A Blog by Jonathan Low

 

Jun 17, 2022

The Reason Russia Has Already "Strategically Lost" In Ukraine

The assessment from senior NATO military officials is that although Russia  may make some tactical gains, primarily around the militarily unimportant city of Severodonetsk, it has failed to achieve any of its strategic goals - and is unlikely to do so because of poor planning, leadership, troop morale, equipment and logistical snafus. 

And because it underestimated both Ukraine's ability and resilience.  There is no evidence to suggest this evaluation will change. JL

The Guardian reports:

The head of the UK’s armed forces said Russia has already “strategically lost” the war in Ukraine and is now a “diminished power”. Vladimir Putin has lost 25% of Russia’s land power for only “tiny” gains while strengthening Nato, (which) is stronger, with Finland and Sweden looking to join.” While Putin may achieve “tactical successes” in the weeks to come, it is running out of troops and hi-tech missiles. Recent successes have come at “significant resource cost” by concentrating forces on a single campaign. “Measured against Russia’s original plan, none of the strategic objectives have been achieved."

The head of the UK’s armed forces has said Russia has already “strategically lost” the war in Ukraine and is now a “more diminished power”.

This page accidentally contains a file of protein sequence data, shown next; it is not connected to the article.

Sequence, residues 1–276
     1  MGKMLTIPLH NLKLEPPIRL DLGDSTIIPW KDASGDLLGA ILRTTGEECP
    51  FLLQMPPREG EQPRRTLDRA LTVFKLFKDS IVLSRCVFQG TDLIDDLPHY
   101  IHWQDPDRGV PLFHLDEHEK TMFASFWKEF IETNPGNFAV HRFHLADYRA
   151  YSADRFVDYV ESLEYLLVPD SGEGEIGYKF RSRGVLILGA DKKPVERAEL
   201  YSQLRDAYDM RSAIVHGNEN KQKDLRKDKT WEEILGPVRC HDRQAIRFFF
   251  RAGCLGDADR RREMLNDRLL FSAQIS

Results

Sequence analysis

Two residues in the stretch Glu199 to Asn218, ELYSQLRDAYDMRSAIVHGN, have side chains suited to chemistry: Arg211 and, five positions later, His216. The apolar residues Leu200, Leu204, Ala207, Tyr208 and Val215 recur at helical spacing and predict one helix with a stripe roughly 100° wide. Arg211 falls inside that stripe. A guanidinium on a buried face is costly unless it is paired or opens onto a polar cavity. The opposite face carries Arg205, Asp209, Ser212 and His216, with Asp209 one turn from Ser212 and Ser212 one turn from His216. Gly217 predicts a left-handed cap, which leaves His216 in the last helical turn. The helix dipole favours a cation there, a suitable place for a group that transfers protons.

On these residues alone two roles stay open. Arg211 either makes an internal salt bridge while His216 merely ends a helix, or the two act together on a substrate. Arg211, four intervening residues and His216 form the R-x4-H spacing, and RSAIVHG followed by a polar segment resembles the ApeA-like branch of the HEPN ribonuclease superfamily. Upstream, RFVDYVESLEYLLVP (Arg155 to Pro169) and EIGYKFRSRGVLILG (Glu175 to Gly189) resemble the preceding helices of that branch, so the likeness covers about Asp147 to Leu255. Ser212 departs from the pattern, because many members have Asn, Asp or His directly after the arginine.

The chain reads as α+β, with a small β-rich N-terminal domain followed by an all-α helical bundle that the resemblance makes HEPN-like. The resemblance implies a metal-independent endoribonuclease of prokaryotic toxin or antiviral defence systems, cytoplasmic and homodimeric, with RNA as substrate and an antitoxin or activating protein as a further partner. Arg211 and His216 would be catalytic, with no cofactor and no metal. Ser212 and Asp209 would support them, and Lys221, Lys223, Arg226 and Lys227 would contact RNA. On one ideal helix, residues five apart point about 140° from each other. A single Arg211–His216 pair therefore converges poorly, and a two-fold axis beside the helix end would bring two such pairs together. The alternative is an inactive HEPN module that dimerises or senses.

Admiral Sir Tony Radakin said Russia was suffering heavy losses, running out of troops and advanced missiles and would never be able to take over all of Ukraine.

“This is a dreadful mistake by Russia. Russia will never take control of Ukraine,” Tony Radakin told PA Media in an interview published on Friday.

The country’s highest-ranking military officer said the Russian president, Vladimir Putin, had lost 25% of Russia’s land power for only “tiny” gains and it would emerge a “more diminished power” while strengthening Nato.

“Russia has strategically lost already. Nato is stronger, Finland and Sweden are looking to join,” he said.


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Radakin said that while Putin may achieve “tactical successes” in the weeks to come, it had come at the expense of a quarter of his country’s army power for “tiny” gains and was running out of troops and hi-tech missiles.

“The Russian machine is grinding away, and it’s gaining a couple of – two, three, five – kilometres every day,” the admiral said.

“And Russia has vulnerabilities because it’s running out of people, it’s running out of hi-tech missiles.

“President Putin has used about 25% of his army’s power to gain a tiny amount of territory and 50,000 people either dead or injured. Russia is failing.”

Radakin’s claims echo British intelligence reports, the latest of which said some Russian battalion tactical groups (BTGs) – typically established at about 600 to 800 personnel – have only been able to muster as few as 30 soldiers.

Although Russia is achieving tactical success in the Donbas, these recent successes have come at “significant resource cost” and by concentrating force and fires on a single part of the overall campaign.

“Measured against Russia’s original plan, none of the strategic objectives have been achieved. In order for Russia to achieve any form of success will require continued huge investment of manpower and equipment, and is likely to take considerable further time,” a report read.

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